How much untold woe we bring on our heads in the hope of making ourselves happy one day. We are paddling madly to reach contentment, but all we do is churn the river of our misery to a more turbid froth and surge. We live in a frenzy, and die unconsoled.
What a long conglomeration of small sorrows our short lives have space for.
Happiness tastes so bland, that we keep spooning into it the spice of expectant desire, till we end up spoiling it. Though we stock all the ingredients to make a rich happiness, we brew up a foul stew of misery. We are thrust on by an unquenchable thirst for joy and by an ineradicable propensity for reducing plain gladness to seething grimness. Even fools are clever enough to make their lives simply wretched.
We’re just poised to reach the pinnacle of joy, and we’re trembling on the verge of a precipitous crash. It’s all about to come together at last, and it’s all on the point of falling apart.
Most of us never find peace, since the plain pleasures which we enjoy don’t satisfy us, and yet we don’t enjoy prosecuting the more serious career which we trust will meet all our needs. What makes life unendurable alone makes us endure it. We are harassed by the selfsame wants and hopes that we live for. And so we pay with our happiness to get what we deem we could not be happy if we lacked. Like moody Ahab, we are ‘damned in the midst of paradise.’ We long for peace, and we are all the time conducting this one last push to secure it, while fighting to fend off the death that will give it to us.
We are fools for improvement. We feel that life is no good if it’s not continually getting better. We have to race so frantically to make life better, how could we find the time simply to live well?
If there are things that we could easily do to benefit ourselves but we aren’t doing now, we can be sure that we never will do them, since we have no wish to.
Some people need the courage to combat unrelenting misery, since they lack the resolve to retreat from the routines that have caused them such harm. We are addicted to misery, but we soon lose the frail habit of happiness.
For the damned in hell each day is the same, and yet every morning they wake to a fresh horror.
There must be an infinite number of cells in the underworld to house the infinite states of torment that we have laid up for ourselves.
When others suffer from the same cause as me, I take heart that there was no way I could have dodged my suffering. And when they suffer from a divergent one, I brag how dexterously I have kept clear of their blunders.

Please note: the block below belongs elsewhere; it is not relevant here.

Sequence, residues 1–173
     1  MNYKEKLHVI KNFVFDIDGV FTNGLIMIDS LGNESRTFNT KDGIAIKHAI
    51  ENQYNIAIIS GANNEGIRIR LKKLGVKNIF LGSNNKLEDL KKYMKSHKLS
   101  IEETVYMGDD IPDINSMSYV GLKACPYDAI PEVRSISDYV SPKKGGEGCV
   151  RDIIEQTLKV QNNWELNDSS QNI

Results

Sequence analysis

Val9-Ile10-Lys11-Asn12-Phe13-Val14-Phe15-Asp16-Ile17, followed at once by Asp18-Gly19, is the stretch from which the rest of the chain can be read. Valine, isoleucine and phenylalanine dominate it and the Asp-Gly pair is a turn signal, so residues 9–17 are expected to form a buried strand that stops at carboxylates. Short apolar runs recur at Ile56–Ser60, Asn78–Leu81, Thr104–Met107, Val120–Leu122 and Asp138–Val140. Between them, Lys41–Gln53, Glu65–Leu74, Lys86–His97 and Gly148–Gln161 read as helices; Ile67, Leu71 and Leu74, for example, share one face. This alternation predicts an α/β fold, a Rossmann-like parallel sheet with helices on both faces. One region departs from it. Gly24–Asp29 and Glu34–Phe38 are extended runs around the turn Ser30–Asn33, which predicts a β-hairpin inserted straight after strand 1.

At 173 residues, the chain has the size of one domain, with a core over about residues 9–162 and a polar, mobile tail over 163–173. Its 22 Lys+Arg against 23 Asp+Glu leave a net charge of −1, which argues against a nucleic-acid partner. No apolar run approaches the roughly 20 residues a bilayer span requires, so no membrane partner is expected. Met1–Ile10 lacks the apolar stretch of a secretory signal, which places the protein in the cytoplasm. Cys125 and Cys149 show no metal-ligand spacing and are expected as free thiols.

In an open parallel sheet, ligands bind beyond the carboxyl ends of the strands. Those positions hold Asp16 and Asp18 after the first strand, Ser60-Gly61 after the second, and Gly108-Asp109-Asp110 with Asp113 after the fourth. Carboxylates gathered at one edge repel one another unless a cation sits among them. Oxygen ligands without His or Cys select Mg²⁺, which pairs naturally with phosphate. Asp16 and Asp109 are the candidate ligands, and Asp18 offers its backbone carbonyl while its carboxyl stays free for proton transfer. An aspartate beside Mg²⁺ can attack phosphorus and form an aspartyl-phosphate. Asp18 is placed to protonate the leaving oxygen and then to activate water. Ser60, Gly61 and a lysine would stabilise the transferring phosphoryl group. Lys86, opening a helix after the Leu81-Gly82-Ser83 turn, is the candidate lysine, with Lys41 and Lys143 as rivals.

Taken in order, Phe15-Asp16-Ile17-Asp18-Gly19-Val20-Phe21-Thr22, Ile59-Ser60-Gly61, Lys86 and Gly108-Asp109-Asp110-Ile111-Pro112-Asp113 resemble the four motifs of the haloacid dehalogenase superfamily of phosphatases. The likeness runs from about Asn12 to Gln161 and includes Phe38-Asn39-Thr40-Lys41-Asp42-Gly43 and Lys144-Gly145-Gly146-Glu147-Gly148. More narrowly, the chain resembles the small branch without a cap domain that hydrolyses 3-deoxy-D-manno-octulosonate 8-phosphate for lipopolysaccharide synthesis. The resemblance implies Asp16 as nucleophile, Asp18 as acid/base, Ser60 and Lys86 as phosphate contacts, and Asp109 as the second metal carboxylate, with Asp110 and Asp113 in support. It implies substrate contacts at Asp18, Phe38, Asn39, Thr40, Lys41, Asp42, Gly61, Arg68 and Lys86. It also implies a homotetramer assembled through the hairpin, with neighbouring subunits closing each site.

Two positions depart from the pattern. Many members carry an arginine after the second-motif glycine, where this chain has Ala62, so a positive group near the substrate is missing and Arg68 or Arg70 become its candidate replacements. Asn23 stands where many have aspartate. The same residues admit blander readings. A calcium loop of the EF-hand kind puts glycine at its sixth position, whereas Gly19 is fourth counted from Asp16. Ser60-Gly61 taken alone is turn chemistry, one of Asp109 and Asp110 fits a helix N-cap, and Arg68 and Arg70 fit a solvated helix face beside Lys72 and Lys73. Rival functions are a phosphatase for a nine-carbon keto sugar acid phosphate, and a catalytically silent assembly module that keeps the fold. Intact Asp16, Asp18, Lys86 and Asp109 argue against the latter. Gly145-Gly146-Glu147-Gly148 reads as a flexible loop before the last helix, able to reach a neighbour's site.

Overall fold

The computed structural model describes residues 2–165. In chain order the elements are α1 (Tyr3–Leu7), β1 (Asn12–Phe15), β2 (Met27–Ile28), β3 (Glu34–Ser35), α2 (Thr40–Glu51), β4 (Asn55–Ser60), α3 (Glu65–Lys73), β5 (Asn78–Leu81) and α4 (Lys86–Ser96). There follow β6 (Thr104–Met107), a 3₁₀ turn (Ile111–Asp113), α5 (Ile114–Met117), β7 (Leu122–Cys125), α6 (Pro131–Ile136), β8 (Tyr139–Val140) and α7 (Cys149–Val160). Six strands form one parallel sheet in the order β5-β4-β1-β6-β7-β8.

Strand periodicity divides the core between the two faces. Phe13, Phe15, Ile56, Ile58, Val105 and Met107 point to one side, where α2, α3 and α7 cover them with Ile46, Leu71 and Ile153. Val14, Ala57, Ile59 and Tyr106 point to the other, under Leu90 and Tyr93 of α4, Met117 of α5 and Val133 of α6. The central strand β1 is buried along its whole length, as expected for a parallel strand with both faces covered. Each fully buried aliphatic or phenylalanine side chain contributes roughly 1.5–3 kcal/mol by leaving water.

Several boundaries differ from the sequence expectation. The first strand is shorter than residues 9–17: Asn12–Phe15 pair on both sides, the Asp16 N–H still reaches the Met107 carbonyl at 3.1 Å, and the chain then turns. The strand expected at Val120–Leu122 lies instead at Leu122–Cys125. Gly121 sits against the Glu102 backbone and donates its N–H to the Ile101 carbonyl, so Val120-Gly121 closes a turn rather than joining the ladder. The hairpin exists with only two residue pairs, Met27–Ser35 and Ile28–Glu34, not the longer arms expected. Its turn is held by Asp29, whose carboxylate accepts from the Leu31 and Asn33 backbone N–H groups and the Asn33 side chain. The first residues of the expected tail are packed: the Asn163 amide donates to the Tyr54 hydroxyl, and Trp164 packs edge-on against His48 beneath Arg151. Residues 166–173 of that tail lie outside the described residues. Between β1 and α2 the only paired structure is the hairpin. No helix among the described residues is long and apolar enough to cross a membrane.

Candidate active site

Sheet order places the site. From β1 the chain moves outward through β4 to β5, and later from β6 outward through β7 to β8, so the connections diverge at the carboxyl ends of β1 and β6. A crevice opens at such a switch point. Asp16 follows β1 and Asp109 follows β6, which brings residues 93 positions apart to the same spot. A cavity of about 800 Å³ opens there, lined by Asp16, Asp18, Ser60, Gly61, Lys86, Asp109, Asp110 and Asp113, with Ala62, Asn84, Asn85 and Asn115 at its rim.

Just when you trust that you have tamed life, it bares its fangs, and snarls, and shows you once more that it is a wolf and not a fawning cur.
Your misery may lurk for years in remission, but it will never be cured. It may break out years afterward in a violent attack, and kill you in a few weeks. This life ends so soon, and yet, as Van Gogh wrote, ‘there is no end to anguish.’ But most of us have the luck to succumb to some timely malady, before our real sadness gets the chance to snuff us out.
Life is either just bearable, or not. And it makes all the difference whether you know that you can bear it for one day more, or that you can’t bear it for so long as that.
You never know in what hell people might be burning, but often neither do they.
Pleasure seems so bright in anticipation, but so pale in possession. Joy ravishes you in prospect, dejection molests you in the present. Our expectancy has already sucked the juice from our pleasures before we reach them, and it leaves our experience nothing but their dry bones to pick over. We are far more present for our pains than we are for our pleasures. Your fantasies doom you to stalk fictitious gratifications, but won’t take your mind off your real pains. I chase joys, but they fly me. And creeping sorrows catch me, though I fly them. Anguish arrests you in the jangling now. Lust beckons you on to meet the shining future. The only people who live wholly for the moment are those that are wrung by agonizing pangs. If you are forced to live in the moment all you want to do is get out of it. Absorption in the here and now is a luxury praised by those who have something more enjoyable to do. Most of us have good reason not to live for the present hour.
Our bliss melts in the heat of our embrace.
Our world of instant gratification is by the same token a world of indefinite deferral. We can’t wait for anything, not even the bliss that we are in the midst of. We’re always charging off after some new pleasure which we hope will give us all we want. Our desires are self-defeating, since they no sooner transport us to some joy than they drag us out of it to chase some new quarry.
Life is a book that you can’t bear to put down, no matter how bad it gets. Who would choose to take it up? Yet who can dare to lay it aside, once they’ve been entrusted with the loathsome gift? Life is a poor thing to gain, but a great thing to lose.